Acromioclavicular (AC) Repair/Reconstruction
Why AC Repair/Reconstruction
The patient is positioned in a sitting position on the operating room table and the arm is placed in an arm holder. A 1-2 inch incision is made over the top of the shoulder with 3 smaller incisions for the scope and arthroscopic instruments. The coracoid (small extension of the shoulder blade where the coracoclavicular ligaments attach) is exposed and a guide is positioned under the coracoid and on top of the clavicle (collar bone). A small cannulated drill is inserted through the guide from the clavicle down through the coracoid while viewing with the scope. A wire is inserted through the cannulated drill after the guide is removed. The wire is then used to shuttle strong sutures attached to a metal button, that is shaped like a dog bone, up through the small tunnel created in the coracoid and clavicle. A button is then attached to the sutures on top of the clavicle and the sutures are tensioned while the clavicle is reduced back to its normal position. If the AC sprain is more chronic (i.e. more than 3 weeks old) then an allograft (cadaver) tendon is used to reinforce the repair. This is shuttled around the collarbone and coracoid to reinforce the repair to reconstruct the ligaments that were torn. The wound is closed in multiple layers with absorbable sutures and sterile dressings are applied. The arm is placed into a sling. The surgery is performed under general anesthesia with a nerve block.
- This surgery is usually outpatient, which means the patient will be able to go home the same day.
- Surgery typically lasts 1-1.5 hours
- Patients will be fit for a sling at a preoperative appointment and this sling will be placed on the patient prior to waking up from anesthesia
- The sling is to be worn at all times until the nerve block has worn off. At that point, the arm should be removed from the sling at least three times a day for elbow, wrist, and finger motion.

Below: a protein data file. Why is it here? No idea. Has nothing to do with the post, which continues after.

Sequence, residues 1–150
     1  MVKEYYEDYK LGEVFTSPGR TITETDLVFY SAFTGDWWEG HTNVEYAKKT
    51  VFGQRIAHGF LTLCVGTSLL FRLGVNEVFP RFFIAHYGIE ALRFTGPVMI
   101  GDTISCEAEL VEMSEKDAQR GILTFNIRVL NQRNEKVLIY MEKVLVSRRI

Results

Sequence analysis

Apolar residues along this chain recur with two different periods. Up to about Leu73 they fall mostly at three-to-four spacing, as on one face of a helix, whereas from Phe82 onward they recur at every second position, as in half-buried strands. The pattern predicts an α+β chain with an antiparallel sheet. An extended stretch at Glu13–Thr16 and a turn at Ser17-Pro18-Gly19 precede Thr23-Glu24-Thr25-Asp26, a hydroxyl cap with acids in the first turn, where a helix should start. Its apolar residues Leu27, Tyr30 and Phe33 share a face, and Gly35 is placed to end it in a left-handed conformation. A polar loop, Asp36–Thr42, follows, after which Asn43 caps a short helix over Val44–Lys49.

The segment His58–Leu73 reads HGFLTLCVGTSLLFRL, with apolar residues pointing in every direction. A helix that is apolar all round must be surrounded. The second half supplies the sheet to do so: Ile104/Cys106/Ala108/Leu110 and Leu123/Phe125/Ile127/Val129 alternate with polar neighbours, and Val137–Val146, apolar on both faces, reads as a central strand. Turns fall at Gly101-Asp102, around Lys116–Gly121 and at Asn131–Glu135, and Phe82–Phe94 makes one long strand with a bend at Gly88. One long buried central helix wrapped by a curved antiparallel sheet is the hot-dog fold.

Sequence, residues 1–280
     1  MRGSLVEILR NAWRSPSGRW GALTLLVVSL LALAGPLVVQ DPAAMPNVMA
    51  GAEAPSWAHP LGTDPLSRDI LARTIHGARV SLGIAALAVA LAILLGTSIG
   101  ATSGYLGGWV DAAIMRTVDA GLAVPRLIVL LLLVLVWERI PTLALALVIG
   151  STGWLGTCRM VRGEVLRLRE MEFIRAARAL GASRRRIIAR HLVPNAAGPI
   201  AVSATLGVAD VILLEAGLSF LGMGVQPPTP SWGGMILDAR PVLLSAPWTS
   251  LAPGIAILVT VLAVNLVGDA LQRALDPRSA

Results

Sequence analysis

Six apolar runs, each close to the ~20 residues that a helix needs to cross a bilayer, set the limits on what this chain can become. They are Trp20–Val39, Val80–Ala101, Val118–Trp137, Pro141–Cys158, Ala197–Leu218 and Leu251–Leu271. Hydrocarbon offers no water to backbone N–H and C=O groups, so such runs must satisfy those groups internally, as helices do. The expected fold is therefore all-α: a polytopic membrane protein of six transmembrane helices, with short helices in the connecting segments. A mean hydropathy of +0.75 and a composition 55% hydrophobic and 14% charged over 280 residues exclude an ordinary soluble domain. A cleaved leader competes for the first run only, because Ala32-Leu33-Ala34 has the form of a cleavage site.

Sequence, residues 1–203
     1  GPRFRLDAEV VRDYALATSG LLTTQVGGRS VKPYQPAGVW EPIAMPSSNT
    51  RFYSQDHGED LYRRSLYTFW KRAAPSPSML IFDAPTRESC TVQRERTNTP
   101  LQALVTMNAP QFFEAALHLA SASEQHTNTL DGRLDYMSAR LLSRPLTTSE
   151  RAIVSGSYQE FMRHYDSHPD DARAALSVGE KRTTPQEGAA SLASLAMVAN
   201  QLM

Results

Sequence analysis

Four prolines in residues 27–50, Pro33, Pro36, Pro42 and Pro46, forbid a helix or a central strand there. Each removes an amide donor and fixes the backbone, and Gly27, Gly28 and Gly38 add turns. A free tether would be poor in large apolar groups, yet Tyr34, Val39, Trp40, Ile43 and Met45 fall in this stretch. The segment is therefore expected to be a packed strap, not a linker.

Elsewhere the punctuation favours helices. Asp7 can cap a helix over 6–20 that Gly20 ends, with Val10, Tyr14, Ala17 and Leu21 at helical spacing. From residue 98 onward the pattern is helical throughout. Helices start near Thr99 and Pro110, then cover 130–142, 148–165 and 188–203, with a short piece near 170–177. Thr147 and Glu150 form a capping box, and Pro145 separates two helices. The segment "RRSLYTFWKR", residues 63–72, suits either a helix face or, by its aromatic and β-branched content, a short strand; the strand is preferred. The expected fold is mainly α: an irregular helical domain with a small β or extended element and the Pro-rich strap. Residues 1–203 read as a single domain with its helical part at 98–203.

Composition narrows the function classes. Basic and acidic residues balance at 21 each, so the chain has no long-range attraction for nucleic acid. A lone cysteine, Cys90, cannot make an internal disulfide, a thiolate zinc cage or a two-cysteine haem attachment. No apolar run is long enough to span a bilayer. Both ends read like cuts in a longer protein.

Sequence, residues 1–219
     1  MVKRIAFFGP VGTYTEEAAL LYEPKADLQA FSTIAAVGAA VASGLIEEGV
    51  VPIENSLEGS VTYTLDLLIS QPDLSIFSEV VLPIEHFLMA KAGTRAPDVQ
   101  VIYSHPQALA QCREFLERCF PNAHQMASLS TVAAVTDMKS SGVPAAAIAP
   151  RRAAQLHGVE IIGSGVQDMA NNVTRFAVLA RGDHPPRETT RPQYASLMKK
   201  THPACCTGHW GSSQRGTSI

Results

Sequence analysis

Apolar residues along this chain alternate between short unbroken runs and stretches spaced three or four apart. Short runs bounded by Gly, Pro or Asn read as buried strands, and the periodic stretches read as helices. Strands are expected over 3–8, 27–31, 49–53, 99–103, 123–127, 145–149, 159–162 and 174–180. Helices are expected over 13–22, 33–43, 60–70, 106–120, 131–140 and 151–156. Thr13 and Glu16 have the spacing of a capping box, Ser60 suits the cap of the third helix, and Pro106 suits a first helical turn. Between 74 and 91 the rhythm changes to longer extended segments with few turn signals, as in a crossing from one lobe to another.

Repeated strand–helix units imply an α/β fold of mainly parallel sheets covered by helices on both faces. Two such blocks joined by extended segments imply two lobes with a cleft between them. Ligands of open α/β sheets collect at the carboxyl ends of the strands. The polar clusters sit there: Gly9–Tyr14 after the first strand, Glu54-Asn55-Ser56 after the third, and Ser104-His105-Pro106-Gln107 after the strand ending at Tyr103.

Why AC Repair/Reconstruction
- Improve the position of the clavicle (collar bone) relative to the acromion reducing the deformity caused by the displaced clavicle.
- Decrease pain caused by the displaced end of the clavicle pushing on the overlying skin and muscle.
- Restore shoulder range of motion and function
- Return to work, sport, and activities with confidence
- Acute or chronic AC separation that is grade 5 or higher.
- Grade 3 separation in athletes/laborers that participate in repetitive overhead activities.
- Grade 3 sprain in patients with persistent pain after conservative treatment.
Patients are usually placed in a sling for 4 weeks postop. The sling may be removed for elbow, wrist, and finger movement by the first day after surgery. Physical therapy (PT) will start 2-3 weeks after surgery. Physical therapists follow a prescribed protocol outlined by Dr. Faulkner to regain range of motion and strength. Physical therapy and home exercises are a critical part of a patient’s outcomes and quality of life after surgery. Patients should expect to continue to improve with range of motion and strength up to 6 months after surgery, with most of the gains occurring within the first few months. Patients should plan on being seen in clinic about every 6 weeks until 5-6 months after surgery for close monitoring and to ensure any questions are answered. Radiographs will be taken at 2 weeks, 6 weeks, and 3 months from surgery to ensure the clavicle stays in the appropriate position and to monitor for any fractures. Most patients are cleared for full activity 5-6 months after surgery.
4 weeks. The sling should be removed at least 3x/day for elbow, wrist, and finger range of motion exercises as will be instructed. You should do pendulum exercises 3x/day as well.
No. Driving with a sling is considered driving impaired and could be subject to a citation.
Yes. You are also usually unaware of their arm movements at night. The sling helps to ensure that the arm stays in a good position for healing.
Physical therapy typically starts 2-3 weeks after surgery.
2 days after surgery. Once you remove the bandages, you will see 3 sticky white strips covering the wounds. These are called steri-strips and should be left in place until your first postoperative appointment.
The ice machine should be used for about 30 minutes at least 3 times a day until your first postop. You may ice more frequently if desired.
An anesthetic injection performed by the anesthesiologist to turn off pain signals that go to a targeted region.
This will be discussed at your preop appointment. If a narcotic is prescribed, the risks and side effects will be reviewed with you. We encourage you to try and discontinue these by your first postop appointment. Depending on your health history, it is encouraged to take anti-inflammatories and Tylenol instead of the narcotics.
The most common risk after this surgery is failure of the fixation used to stabilize the position of the distal clavicle. This causes recurrent deformity, but it almost never as severe as it was prior to the surgery. Other less common risks include infection, bleeding, arthritis, fracture of the coracoid or clavicle, stiffness, and nerve injury.